Q & A with Mike Furci
Q: Hi Mike,
I want to increase biceps and triceps. I am doing exercises every evening about 25 minutes. My hands look good for about one hour or so, then next day morning, they will be normal. How can you retain the muscle all the time?
First, I would like you to read two articles: “Nine weeks to bigger arms part I and II”. Only work your arms once every six to eight days. If you’re a hard gainer, more is not better. Try three exercises for each: biceps and triceps. In accordance with the articles, perform two sets per exercise for the first six weeks, and one set per exercise for the last three weeks. Make sure to warm up properly for each exercise. Perform the prescribed amount of reps per exercise.
Q: Mike, I was told to do dumbbell flys on an incline bench (35 to 40 degrees). Wrong? Better? Worse?
A: Better? No. Different? Yes.
As the angle of the incline starts to go beyond 30 percent, the only difference is the degree to which the deltoids are used. (And while we're on the subject of angled benches, don't even bother with a decline bench. It is a myth that it stimulates the bottom portion of the pectoral muscles more than the flat bench.)
Also, if you're performing different angles to change the shape of your pecs, it's not going to happen. Your shape is genetically predetermined. Train with 100 percent intensity and stick with the basics.
I'm putting together a workout routine and I wanted to ask you something since I'm a fan of your advice. Are there certain muscle groups I should avoid working out together in the same visit to the gym? For example: chest and back; biceps and triceps. Just wondering because I've heard different things and I just wanted to get your thoughts on it.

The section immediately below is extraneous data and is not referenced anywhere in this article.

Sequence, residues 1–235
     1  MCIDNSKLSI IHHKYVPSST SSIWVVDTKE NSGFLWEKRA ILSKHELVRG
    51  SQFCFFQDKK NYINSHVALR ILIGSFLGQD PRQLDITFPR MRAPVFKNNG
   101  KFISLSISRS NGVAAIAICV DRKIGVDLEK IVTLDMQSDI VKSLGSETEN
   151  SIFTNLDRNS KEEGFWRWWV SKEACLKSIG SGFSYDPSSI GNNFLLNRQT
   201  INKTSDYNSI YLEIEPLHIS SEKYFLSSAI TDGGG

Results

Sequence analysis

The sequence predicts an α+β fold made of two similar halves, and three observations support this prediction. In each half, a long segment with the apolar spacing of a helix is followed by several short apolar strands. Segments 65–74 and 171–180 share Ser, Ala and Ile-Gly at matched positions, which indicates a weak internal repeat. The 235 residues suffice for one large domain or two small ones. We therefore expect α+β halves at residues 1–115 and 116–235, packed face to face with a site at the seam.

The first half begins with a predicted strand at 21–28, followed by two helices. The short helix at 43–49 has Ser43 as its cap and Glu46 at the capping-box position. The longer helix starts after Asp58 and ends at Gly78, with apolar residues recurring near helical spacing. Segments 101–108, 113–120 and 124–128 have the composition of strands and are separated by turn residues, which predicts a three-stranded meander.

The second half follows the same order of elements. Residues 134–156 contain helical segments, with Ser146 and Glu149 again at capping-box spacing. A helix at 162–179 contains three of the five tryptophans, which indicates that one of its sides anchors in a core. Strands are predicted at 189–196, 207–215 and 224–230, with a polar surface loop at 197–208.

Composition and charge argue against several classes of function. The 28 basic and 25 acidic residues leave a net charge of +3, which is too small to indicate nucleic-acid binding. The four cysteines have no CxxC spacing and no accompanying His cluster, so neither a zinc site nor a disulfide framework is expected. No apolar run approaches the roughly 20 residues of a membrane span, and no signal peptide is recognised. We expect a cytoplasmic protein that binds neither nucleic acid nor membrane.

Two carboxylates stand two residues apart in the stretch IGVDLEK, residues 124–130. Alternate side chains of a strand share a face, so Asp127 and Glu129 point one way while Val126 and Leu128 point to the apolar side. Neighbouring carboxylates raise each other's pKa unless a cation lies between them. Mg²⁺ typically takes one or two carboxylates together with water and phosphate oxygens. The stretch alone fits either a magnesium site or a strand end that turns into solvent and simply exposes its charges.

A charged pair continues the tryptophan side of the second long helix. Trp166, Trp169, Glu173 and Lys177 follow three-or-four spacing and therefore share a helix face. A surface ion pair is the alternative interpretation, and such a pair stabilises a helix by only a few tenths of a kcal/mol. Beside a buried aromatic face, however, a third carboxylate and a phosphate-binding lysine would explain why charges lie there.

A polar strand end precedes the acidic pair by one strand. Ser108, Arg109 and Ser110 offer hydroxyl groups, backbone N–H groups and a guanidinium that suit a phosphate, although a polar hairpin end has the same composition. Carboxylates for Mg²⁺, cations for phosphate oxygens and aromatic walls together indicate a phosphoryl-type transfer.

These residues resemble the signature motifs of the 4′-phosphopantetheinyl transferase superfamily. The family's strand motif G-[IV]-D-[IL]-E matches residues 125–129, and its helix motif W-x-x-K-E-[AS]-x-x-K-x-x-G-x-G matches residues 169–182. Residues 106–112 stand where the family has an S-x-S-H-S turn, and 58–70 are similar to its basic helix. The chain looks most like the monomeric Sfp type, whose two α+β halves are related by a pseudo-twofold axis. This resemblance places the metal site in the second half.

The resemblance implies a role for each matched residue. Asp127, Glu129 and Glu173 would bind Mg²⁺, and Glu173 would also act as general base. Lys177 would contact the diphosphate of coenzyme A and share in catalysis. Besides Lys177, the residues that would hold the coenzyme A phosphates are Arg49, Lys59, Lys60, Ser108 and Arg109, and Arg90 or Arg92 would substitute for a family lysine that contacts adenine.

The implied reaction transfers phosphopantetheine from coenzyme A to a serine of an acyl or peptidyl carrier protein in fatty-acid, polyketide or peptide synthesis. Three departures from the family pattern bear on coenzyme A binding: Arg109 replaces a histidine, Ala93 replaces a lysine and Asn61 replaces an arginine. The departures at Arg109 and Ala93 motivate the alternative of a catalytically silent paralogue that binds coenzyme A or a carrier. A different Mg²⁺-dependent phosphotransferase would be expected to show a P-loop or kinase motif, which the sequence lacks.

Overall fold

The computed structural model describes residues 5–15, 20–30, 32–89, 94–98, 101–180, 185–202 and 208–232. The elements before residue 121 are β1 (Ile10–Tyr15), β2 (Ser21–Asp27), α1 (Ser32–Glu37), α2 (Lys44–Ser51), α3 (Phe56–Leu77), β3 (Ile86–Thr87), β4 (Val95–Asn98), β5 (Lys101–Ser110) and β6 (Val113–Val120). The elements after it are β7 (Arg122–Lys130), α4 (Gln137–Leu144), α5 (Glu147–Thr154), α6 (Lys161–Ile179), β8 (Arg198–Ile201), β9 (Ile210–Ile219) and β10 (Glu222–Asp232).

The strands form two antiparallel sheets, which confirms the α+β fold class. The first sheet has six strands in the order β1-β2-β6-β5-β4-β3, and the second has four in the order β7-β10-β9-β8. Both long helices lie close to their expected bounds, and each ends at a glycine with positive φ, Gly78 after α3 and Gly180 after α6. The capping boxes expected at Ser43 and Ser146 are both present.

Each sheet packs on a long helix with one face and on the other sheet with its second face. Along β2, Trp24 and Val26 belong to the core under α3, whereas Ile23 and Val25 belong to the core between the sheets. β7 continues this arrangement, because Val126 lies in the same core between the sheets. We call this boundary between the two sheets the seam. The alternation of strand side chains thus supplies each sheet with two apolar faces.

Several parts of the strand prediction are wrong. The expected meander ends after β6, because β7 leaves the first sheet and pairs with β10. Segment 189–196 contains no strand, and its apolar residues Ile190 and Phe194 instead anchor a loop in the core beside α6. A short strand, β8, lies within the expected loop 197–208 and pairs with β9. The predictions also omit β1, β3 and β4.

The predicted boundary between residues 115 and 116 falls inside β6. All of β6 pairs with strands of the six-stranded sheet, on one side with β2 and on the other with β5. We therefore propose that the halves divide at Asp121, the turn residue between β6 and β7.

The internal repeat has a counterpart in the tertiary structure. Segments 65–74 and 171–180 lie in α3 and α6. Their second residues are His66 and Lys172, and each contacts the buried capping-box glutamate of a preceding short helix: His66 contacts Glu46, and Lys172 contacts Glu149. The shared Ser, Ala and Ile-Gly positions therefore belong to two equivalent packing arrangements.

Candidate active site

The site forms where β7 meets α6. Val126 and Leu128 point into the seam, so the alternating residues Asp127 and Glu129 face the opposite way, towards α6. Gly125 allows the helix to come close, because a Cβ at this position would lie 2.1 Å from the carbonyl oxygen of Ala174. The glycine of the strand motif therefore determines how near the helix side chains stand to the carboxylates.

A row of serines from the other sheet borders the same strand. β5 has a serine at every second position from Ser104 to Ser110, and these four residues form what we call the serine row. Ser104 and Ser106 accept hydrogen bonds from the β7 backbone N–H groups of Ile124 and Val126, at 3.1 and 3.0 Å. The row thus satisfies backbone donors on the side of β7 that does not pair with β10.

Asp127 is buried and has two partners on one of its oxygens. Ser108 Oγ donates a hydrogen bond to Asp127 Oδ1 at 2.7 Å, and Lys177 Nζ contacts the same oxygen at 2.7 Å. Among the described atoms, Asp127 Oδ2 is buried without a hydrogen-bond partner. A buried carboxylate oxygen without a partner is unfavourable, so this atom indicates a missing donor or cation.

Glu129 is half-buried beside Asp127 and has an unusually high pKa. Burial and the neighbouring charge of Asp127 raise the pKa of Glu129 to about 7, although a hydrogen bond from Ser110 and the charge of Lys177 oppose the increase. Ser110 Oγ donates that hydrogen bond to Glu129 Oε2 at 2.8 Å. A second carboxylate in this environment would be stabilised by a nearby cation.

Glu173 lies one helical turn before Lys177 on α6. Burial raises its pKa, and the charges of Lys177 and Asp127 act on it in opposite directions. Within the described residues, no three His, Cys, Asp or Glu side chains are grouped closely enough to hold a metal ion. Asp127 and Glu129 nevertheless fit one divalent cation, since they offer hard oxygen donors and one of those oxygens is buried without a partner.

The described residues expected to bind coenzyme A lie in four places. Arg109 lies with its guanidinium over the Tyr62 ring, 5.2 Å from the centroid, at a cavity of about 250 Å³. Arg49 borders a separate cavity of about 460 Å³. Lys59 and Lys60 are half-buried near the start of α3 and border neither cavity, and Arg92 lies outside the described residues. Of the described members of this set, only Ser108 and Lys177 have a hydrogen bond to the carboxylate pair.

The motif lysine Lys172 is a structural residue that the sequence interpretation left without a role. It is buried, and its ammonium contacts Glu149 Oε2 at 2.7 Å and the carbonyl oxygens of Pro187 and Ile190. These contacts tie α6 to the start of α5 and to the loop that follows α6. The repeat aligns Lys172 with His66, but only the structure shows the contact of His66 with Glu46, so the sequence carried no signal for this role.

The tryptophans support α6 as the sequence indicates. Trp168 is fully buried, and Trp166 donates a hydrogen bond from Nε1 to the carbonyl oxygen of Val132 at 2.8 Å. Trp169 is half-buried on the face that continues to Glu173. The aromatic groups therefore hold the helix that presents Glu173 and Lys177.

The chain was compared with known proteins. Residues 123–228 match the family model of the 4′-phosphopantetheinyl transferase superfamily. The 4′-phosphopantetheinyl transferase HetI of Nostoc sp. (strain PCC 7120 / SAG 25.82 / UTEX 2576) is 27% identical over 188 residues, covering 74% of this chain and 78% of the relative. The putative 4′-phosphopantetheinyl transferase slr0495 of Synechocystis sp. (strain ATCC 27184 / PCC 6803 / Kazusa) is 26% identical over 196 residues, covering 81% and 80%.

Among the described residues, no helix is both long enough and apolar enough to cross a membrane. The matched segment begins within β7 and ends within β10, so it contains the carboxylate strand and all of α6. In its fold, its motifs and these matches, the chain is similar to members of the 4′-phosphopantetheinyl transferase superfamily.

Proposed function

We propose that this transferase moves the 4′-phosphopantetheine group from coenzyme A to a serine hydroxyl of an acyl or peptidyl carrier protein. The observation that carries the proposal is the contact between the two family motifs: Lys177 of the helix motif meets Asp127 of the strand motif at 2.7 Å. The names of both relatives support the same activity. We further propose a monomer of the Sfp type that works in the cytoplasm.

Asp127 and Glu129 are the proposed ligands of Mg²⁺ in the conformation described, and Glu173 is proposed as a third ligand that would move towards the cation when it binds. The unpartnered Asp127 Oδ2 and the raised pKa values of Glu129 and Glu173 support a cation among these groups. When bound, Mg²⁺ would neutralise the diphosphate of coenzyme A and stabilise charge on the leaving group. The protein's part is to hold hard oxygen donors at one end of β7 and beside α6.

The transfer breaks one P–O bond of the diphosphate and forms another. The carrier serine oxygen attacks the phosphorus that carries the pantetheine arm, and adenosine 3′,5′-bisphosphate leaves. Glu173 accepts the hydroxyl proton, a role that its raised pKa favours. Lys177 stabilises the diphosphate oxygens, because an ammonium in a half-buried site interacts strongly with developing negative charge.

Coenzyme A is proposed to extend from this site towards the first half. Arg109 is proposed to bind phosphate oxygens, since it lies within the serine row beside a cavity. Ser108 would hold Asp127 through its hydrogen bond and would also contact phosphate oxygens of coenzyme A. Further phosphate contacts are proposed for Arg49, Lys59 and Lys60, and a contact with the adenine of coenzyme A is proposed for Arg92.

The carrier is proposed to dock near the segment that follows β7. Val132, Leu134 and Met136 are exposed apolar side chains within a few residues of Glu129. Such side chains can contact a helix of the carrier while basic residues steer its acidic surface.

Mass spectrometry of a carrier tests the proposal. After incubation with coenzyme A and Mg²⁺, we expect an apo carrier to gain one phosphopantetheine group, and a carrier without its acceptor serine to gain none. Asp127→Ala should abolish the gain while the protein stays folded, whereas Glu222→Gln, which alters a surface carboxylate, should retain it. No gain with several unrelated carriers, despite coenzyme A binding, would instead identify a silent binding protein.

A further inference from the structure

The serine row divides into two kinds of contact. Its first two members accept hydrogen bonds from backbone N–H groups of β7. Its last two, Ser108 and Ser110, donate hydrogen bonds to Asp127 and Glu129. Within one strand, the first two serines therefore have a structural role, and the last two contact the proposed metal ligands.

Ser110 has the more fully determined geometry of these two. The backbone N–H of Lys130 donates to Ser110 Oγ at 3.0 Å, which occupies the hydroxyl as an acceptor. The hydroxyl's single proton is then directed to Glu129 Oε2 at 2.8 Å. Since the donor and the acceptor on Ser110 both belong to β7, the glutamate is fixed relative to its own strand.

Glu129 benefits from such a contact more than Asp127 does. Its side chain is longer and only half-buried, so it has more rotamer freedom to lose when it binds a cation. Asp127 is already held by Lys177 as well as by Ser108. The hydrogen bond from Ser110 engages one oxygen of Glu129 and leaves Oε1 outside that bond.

A: Choosing what muscle groups to train on the same day is not as big a concern as the order you train them, or how they’re split throughout the week. The order in which muscles are trained can have a profound effect on your workouts -- both negative and positive. Make sure that you work the primary muscles before the auxiliary muscles.
For example, when working the chest, the primary muscle group is the pectorals. Shoulders and triceps are auxiliary muscles. Do not train triceps or shoulders before you train your chest. Also, if you are training an auxiliary muscle earlier in the week, allow at least 48 hours before you train the primary muscle.
Arranging your workouts so that the auxiliary muscles are fatigued before the primary muscles will ensure that you will not be able to handle as heavy a load. The heavier the load, the greater the muscle tension or stimulus, and the greater the growth response.
I really enjoyed reading your online Q&As. I’ve got a question for you regarding protein though. I understand one gram or more per pound, and how important it is to consume protein within an hour of weight training. But for how many days after your training should you continue to get one to one, especially if your schedule allows you to go to the gym only once a week on occasion?